Mideast: Reality reigns as region remains highly unstable

Mipcom 2005: Territory report

Reality TV remains the order of the day across the Mideast.

Despite a typically tempestuous 12 months across the region, with political instability and ongoing violence in Iraq, Lebanon, Israel and the Palestinian territories as well as the death of Saudi King Fahd, reality formats have remained atop the ratings and local execs’ shopping lists.

Leading the way as usual is the Lebanese Broadcasting Corp. (LBC) with its rich stable of programming, including “Star Academy 2,” the follow-up to its successful pan-Arab adaptation of the “Pop Idol” format, as well as a Lebanese version of “The Farm,” starring Haifa Wehbi, the Arab world’s J.Lo.

“The Farm’s” opening episode generated a 60% audience share, increasing LBC’s primetime average by 45% after five weeks of transmission.

“There’s nothing in the competition that’s beating us right now,” says Pierre Daher, LBC executive director.

Despite a difficult 2005 that saw the assassination of Lebanon’s former Prime Minister Rafik Hariri in February, LBC has maintained its position as the market-leading satcaster across the Mideast, with reality TV and imported formats.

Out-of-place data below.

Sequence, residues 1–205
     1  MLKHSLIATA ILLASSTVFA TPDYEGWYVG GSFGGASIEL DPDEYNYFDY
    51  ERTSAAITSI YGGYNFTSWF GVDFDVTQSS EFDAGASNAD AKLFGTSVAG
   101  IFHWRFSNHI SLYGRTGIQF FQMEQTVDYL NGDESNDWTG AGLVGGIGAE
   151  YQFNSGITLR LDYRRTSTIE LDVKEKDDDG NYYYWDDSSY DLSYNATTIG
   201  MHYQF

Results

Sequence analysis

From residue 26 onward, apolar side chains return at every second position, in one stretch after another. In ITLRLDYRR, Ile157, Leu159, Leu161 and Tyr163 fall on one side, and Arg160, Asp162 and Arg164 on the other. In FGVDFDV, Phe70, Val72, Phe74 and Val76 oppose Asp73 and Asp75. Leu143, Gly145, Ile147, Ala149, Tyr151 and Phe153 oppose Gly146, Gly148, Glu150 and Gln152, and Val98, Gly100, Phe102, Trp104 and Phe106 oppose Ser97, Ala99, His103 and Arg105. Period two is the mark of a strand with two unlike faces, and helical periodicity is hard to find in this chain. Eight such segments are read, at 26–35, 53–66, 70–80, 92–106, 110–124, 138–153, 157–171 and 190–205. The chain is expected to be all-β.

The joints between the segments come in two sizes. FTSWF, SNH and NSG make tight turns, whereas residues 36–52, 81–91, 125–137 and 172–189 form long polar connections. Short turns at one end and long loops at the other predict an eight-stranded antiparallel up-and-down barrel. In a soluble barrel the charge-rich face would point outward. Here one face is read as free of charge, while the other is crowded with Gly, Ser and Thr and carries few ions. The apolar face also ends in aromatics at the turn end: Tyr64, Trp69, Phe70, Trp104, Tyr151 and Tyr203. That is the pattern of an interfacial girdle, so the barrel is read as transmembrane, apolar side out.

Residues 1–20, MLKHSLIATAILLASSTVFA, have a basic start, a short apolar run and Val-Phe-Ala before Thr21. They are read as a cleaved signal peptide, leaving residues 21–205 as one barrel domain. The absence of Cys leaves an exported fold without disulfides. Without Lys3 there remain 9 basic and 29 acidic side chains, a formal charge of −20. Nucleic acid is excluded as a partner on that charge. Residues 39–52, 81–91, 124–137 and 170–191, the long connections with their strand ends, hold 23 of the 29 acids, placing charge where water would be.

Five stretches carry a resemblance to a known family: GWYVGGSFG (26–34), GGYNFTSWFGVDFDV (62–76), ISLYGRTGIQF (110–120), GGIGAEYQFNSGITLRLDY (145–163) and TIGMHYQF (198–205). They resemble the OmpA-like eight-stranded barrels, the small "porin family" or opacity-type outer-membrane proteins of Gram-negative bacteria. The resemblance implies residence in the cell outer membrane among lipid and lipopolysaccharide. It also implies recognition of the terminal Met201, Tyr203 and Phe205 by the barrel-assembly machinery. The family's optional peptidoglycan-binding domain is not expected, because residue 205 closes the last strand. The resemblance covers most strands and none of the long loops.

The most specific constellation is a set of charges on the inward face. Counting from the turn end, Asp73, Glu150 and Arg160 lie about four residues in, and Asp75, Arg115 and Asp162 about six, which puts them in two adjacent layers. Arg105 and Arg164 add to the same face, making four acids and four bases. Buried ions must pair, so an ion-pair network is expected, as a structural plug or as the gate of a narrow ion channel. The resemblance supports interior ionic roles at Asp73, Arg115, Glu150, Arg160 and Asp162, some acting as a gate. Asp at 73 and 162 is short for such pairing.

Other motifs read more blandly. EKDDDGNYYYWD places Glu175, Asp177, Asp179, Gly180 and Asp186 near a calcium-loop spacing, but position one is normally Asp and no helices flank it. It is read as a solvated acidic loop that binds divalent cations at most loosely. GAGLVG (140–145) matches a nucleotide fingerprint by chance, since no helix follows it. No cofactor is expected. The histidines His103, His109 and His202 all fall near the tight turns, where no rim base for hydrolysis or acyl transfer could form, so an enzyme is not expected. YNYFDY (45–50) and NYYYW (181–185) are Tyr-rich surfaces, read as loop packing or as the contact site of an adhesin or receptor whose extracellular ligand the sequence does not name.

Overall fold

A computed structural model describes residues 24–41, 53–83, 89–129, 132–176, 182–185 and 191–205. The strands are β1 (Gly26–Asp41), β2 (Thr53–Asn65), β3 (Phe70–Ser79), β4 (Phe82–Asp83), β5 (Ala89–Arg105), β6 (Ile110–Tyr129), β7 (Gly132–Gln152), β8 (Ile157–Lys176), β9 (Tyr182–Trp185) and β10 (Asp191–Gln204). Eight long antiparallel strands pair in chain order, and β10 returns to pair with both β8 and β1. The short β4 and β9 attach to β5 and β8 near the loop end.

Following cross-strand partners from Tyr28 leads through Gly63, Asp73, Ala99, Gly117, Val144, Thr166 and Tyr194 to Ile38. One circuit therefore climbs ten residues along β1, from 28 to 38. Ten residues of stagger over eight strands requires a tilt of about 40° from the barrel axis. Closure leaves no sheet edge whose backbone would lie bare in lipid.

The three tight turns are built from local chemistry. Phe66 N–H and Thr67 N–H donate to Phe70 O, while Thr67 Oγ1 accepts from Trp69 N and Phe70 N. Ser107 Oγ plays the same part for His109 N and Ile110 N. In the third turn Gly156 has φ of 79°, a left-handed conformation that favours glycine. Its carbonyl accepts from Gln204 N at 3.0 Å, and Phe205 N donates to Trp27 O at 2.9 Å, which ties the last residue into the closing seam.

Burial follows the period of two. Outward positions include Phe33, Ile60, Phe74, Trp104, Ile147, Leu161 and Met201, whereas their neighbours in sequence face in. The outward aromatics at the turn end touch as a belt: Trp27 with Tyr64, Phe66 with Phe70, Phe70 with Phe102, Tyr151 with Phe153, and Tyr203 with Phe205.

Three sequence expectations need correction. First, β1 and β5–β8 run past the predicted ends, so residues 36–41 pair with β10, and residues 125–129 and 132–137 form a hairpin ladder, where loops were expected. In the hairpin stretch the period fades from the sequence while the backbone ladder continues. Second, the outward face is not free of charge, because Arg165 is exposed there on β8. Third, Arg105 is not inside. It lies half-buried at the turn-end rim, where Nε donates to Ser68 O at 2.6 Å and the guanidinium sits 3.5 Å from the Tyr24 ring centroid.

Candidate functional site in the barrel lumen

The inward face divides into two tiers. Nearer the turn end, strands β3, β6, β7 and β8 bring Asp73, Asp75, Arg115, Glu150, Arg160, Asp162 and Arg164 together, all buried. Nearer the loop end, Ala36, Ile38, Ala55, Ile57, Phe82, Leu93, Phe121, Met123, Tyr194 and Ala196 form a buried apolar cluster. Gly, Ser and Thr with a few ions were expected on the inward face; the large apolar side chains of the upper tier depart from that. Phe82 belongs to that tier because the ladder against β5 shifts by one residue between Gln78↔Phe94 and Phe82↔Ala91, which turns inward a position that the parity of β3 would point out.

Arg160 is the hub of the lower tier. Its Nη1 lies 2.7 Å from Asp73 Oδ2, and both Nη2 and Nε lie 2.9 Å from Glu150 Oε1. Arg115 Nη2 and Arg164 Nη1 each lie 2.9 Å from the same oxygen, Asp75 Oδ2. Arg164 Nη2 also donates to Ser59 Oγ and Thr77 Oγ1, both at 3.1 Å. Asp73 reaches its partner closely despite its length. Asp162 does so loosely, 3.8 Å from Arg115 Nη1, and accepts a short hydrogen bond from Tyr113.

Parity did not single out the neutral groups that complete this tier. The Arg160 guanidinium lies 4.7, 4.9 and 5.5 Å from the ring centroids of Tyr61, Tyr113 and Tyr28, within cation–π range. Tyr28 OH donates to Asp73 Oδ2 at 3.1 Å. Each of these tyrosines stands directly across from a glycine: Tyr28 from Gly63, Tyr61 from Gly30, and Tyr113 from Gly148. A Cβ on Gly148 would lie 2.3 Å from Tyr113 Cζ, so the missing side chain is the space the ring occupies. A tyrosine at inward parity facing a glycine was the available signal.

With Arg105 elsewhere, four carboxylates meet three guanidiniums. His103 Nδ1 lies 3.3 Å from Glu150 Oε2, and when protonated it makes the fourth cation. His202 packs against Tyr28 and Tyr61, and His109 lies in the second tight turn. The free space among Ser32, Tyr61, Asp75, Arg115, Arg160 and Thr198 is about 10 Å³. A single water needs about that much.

“Everything is back to normal,” Daher assures. “At Mipcom I’ll be looking to acquire more formats that fit into our general entertainment framework.”

In fact, imported reality formats have been making their mark across the region, particularly in Iraq. Kirkuk TV’s “Cops,” loosely based on the U.S. show, and Al-Sumariyah’s “Iraq Star” have proved hugely successful with local strife-weary auds.

The last 12 months also have seen the successful launch of Dubai TV, the second-most popular satcaster across the region; Dubai’s own English-language One TV and new local channel Samaa Dubai. All are under the management of Lebanese exec Ali Jaber.

Relying on imported formats — Nashville-style talent show “The Stars of the Gulf” as well as “Friends Forever” — Jaber will be coming to Mipcom looking to acquire reality and variety formats to produce in Arabic.

“Our programming has become very sophisticated,” Jaber says. “One TV particularly is gaining popularity, with 70%-80% of our Arabic production based on foreign formats.”

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